3The notion of congruity appears in I, 3 to present the study of positive laws: it makes explicit the problematic of the government “most in congruity with nature” and commits to an examination of the spirit of law understood as an ensemble of relations. It is because the government the most in congruity with nature is “the one of which the particular disposition conforms best to the disposition of the people for which it was established” (“celui dont la disposition particulière se rapporte mieux à la disposition du peuple pour lequel il est établi”) that positive laws “must be so specific to the people for which they are made that it is a very great coincidence if those of one nation can be in congruity with another” (“doivent être tellement propres au peuple pour lequel elles sont faites, que c’est un très grand hasard si celles d’une nation peuvent convenir à une autre”, EL, I, 3; italics added, as in all quotations in this article). The congruity with the people for whom the laws are made is illuminated by the way these laws relate to the physicality of the country, climate, etc. Here congruity to nature no longer signifies agreement with the principles of natural law, but an adaptation to mores and circumstances. However, a relativistic approach to positive laws exists in the natural law tradition (in Gravina, whom Montesquieu cites, or in Pufendorf, De jure naturae et gentium, VII, 5, § 10), and it no longer suffices to oppose a “theoretical” perspective (which would pose the question of congruity from the point of view of natural law or primitive reason) to an “historical” perspective (which would pose the question of congruity by referring to the historical situation of nations). If Montesquieu does not intend to mesh the study of positive laws in history into a natural law foundation, it remains to be seen how his attention to situations bears in itself a normative requirement – without which it would fall into skeptical relativism, which would aim only at a juridical pragmatism or a concern for political efficacy.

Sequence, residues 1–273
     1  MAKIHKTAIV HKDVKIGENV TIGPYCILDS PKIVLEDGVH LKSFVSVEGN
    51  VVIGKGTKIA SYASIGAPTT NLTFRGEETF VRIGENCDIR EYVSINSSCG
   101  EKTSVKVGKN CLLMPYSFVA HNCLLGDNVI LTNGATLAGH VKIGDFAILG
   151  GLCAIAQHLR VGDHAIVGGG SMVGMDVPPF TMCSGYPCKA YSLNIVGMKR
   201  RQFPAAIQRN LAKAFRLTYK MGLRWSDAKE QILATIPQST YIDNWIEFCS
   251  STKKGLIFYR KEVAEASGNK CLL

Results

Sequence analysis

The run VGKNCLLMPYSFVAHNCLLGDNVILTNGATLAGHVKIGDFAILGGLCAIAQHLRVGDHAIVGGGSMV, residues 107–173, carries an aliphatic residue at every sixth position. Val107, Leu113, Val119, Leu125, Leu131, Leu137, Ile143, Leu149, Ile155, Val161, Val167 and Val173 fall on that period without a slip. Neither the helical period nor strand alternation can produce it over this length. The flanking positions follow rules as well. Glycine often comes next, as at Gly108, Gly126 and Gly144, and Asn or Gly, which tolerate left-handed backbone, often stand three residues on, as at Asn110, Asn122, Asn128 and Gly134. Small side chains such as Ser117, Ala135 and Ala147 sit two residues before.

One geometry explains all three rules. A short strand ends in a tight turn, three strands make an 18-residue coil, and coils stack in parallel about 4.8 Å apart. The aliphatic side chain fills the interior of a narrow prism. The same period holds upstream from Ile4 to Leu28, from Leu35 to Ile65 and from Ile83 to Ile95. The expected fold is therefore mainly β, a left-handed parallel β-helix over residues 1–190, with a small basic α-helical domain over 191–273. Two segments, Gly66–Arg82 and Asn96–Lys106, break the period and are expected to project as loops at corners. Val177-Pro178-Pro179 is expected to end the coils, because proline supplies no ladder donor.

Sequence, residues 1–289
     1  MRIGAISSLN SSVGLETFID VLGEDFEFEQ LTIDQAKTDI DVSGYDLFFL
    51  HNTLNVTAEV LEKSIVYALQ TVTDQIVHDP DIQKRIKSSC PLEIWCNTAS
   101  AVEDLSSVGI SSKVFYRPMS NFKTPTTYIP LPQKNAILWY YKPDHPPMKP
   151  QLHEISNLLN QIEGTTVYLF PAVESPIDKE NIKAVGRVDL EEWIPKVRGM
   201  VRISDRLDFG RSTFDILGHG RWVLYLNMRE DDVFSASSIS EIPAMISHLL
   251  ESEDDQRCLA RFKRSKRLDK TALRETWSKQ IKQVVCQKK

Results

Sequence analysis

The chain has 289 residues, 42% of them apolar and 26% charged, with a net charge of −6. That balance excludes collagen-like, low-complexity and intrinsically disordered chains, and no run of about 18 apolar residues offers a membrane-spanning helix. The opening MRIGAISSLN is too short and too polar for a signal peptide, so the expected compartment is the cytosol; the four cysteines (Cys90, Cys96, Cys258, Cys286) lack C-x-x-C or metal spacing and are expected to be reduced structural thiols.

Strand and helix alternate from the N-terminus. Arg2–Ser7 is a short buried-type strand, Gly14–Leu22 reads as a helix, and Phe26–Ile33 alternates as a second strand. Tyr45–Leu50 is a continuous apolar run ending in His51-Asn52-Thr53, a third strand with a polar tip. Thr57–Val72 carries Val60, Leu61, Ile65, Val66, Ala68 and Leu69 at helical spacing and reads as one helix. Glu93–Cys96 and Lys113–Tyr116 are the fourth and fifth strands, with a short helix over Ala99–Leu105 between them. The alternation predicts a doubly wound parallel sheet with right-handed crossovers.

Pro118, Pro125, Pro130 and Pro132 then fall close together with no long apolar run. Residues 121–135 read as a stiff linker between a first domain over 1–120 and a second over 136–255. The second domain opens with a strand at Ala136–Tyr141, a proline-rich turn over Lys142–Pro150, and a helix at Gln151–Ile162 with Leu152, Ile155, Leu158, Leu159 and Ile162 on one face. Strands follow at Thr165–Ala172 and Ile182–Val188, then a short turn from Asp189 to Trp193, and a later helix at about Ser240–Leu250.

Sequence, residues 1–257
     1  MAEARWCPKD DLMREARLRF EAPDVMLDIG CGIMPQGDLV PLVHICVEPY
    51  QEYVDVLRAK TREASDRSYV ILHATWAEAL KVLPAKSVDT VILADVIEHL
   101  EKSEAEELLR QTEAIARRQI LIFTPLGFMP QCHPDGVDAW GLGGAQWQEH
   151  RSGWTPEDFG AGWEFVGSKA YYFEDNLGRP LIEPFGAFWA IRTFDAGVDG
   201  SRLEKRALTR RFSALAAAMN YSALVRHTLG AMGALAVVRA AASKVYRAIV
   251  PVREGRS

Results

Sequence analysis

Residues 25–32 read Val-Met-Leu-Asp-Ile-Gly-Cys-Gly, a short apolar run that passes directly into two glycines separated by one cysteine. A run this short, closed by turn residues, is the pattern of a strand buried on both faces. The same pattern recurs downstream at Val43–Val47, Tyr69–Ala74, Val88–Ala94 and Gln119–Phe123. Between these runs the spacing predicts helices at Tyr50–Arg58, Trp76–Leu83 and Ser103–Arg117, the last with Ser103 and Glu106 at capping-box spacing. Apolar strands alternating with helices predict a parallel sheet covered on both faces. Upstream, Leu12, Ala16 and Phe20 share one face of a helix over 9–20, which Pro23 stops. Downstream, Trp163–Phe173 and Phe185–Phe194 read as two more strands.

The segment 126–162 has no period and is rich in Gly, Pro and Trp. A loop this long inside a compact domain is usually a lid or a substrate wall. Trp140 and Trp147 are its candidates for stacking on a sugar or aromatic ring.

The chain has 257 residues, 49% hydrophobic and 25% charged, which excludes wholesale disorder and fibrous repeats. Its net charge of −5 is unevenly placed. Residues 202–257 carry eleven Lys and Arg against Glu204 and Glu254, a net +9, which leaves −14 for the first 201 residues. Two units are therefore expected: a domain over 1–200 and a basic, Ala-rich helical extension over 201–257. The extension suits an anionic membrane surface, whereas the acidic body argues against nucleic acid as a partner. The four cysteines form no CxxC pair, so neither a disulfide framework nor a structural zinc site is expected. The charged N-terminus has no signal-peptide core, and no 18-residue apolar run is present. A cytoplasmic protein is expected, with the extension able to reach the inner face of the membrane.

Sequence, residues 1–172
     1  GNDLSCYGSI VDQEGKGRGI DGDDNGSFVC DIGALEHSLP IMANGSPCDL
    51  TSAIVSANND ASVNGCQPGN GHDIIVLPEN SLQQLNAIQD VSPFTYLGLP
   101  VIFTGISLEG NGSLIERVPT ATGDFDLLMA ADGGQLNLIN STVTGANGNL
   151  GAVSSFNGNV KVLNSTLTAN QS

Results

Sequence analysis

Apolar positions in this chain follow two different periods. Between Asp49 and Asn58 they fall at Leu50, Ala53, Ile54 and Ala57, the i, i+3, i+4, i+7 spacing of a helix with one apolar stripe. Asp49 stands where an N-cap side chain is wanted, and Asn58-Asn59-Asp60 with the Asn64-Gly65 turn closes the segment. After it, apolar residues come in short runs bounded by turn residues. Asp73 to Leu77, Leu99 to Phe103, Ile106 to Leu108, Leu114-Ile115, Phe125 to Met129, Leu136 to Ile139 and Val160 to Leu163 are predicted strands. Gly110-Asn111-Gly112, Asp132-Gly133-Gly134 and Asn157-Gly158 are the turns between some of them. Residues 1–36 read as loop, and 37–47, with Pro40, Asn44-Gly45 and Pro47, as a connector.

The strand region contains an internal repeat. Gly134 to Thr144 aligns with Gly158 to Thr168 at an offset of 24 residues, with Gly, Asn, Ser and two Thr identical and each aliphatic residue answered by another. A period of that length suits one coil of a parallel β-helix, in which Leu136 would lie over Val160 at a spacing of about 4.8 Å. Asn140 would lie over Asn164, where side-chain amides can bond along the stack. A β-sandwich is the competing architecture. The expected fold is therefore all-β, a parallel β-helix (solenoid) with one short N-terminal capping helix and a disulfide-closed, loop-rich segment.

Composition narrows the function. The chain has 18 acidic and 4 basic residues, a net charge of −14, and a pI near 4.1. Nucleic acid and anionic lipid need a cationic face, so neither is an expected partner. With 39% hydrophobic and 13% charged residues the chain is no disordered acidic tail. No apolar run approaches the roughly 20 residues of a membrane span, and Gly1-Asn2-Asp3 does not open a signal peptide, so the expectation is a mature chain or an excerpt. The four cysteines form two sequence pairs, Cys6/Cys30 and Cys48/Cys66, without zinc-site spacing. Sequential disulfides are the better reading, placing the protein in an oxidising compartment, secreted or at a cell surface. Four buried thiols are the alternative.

4The relativism implied by the idea of relation and the principle of congruity does not plunge into undistinguishability all laws and all forms of government. Montesquieu “examines those [laws] that conform the best to society, and to each society” (Défense de L’Esprit des lois, part two, “General idea”, OC, t. VII, p. 87). Local congruity (“to each society”), which assumes the spirit of law, does not recast doubt on the existence of universal requirements, which should fill any legislation (what is in congruity “with society”). Nevertheless these requirements relative to all of humanity alone do not suffice to determine positively what form the government ought to take, even if they allow one to invalidate the despotic form. And if sociability is the effective desire to live together, from which derive the feeling of obligation and the happiness of being a citizen (EL, Preface), then it must be recognized that it is never given abstractly, but is necessarily actualized in a particular situation where it makes sense for the citizens. When it is a matter of condemning terrible laws or practices, the requirements common to all peoples make themselves felt, provided one is not blinded by prejudices, and that our second, social nature does not cause us to forget our nature as men. A universal norm that recalls the unity of humanity marks a limit to the diversity of institutions, even if they can be explained through an examination of the situations. This “negative” norm (Larrère, p. 28-34) shows clearly the distance between a simple internal coherence of the institutions and practices, where congruity would offer only a functional point of view, and a true goodness of the laws. For example, when Montesquieu considers torture as a political institution: “I was going to say that it could conform to despotic governments, where anything that inspires fear figures among the government’s motivations […]. But I hear the voice of nature crying out against me.” (“J’allais dire qu’elle pourrait convenir dans les gouvernements despotiques, où tout ce qui inspire la crainte entre plus dans les ressorts du gouvernement [...] Mais j’entends la voix de la nature qui crie contre moi.”, EL, VI, 17). The cry of nature is heard and silences the sufficient reasons evoked. It is within these limits that the legislative intention must be exercised in view of the better, according to the principle of congruity articulated by Solon (EL, XIX, 21).